The open-source Crafty chess program also produced interesting results. Crafty could not be built with GCC-DragonEgg, LLVM-GCC, or Clang, but when looking at the GCC versions the best numbers were found with GCC 4.4. The performance with GCC 4.5/4.6 is slightly pushed back compared to the 4.4 release, albeit these three releases are all much faster than using GCC 4.2/4.3.
The Himeno benchmarks were rather uninteresting on the two Intel systems where the performance was dead even across the eight tested 64-bit compiler configurations. With the AMD Opteron, however, there was a difference when it came to deploying the Low-Level Virtual Machine. LLVM-GCC, DragonEgg, and Clang all did significantly better than any of the tested GCC releases! GCC 4.5 with DragonEgg 2.8 was the best on this quad-core AMD processor to the point that it did even better than the 12-thread Core i7 970 processor. Simply plugging-in DragonEgg to GCC 4.5 caused its performance to increase for this pressure solver by 51%!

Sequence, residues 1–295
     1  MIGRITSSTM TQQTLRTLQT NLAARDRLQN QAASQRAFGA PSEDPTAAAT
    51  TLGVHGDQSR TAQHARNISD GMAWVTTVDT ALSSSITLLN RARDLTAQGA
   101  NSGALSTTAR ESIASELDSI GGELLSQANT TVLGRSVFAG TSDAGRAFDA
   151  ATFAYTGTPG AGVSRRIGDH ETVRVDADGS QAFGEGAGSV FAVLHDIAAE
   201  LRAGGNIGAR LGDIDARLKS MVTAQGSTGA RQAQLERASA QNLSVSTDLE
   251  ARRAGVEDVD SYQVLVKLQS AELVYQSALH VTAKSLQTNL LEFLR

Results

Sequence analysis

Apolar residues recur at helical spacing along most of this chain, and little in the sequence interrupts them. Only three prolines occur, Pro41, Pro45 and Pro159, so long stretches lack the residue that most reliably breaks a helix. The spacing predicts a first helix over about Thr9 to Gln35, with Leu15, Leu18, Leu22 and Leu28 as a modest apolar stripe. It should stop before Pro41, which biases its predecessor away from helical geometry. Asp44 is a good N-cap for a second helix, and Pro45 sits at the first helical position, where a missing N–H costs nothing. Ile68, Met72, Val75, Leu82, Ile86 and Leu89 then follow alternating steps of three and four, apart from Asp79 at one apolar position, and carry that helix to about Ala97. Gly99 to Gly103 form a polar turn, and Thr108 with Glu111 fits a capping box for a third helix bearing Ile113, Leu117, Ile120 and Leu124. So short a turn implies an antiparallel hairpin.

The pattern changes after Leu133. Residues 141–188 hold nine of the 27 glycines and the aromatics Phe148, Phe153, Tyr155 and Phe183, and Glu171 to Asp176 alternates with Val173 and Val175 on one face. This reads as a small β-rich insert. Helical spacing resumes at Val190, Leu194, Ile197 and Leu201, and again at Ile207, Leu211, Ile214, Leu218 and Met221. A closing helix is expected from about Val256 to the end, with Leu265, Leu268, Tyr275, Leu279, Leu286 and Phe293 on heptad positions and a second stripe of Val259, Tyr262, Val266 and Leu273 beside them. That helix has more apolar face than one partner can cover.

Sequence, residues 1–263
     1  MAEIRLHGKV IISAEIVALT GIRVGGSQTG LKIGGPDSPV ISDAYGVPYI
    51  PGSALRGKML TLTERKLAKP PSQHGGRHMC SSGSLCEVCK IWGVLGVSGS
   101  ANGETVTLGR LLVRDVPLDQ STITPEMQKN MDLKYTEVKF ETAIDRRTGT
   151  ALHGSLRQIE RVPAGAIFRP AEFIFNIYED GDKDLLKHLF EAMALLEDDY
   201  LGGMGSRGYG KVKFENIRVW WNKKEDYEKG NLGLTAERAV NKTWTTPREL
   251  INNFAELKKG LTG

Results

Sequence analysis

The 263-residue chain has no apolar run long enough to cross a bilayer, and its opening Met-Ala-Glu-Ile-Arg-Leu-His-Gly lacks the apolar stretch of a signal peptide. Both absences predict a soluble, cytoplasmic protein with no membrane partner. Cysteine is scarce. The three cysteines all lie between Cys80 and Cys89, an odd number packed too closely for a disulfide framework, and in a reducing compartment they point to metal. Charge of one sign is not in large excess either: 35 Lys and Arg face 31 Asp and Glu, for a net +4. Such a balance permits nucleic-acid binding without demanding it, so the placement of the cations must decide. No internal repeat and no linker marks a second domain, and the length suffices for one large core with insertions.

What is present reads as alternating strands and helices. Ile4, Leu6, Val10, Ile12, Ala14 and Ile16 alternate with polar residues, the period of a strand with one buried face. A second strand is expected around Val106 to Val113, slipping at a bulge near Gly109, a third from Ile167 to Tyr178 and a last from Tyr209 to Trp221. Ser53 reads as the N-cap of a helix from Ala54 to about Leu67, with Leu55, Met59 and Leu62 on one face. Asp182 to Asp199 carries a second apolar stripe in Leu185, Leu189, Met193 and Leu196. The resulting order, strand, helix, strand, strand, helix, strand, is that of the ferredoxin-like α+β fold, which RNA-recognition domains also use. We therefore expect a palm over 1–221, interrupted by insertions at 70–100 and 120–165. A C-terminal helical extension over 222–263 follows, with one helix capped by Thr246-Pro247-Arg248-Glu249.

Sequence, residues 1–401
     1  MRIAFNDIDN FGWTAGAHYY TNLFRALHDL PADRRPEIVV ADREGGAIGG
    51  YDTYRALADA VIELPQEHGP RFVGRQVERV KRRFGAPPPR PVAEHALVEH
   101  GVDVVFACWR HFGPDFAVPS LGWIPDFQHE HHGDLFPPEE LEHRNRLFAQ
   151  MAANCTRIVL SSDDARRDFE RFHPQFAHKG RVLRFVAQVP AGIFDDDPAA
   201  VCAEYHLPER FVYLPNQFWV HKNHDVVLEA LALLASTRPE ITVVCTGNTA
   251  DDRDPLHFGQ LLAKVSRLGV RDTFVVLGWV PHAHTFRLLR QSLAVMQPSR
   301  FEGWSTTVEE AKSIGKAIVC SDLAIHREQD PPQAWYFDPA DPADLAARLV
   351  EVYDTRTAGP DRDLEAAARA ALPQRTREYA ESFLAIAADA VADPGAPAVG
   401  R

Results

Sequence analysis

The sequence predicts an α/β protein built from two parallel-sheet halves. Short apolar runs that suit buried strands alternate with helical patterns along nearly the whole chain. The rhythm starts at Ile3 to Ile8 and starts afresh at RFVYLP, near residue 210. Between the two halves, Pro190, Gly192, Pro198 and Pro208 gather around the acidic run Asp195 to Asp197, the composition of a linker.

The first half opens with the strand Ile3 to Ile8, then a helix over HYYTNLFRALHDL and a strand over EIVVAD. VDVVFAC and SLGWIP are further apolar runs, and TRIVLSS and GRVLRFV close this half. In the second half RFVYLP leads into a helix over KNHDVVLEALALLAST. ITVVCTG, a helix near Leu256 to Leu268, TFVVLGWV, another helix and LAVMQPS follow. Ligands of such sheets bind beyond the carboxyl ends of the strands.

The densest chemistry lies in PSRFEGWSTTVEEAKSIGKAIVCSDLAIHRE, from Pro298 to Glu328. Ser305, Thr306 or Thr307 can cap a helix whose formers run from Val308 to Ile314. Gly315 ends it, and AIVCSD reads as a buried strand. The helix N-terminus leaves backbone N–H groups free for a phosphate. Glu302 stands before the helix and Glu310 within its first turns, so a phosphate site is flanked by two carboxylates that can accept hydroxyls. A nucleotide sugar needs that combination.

The MAFFT test also produced interesting results. Unlike with Himeno where the LLVM-based x86_64 compilers came out ahead on the AMD system, this molecular biology test did measurably worse with LLVM-GCC / DragonEgg / Clang. This happened just not on the AMD system, but the Intel notebook and desktop too. The best compiler for MAFFT was actually GCC 4.3.0 for the Core 2 Duo and Opteron systems while it was GCC 4.6 with the expensive Intel Gulftown.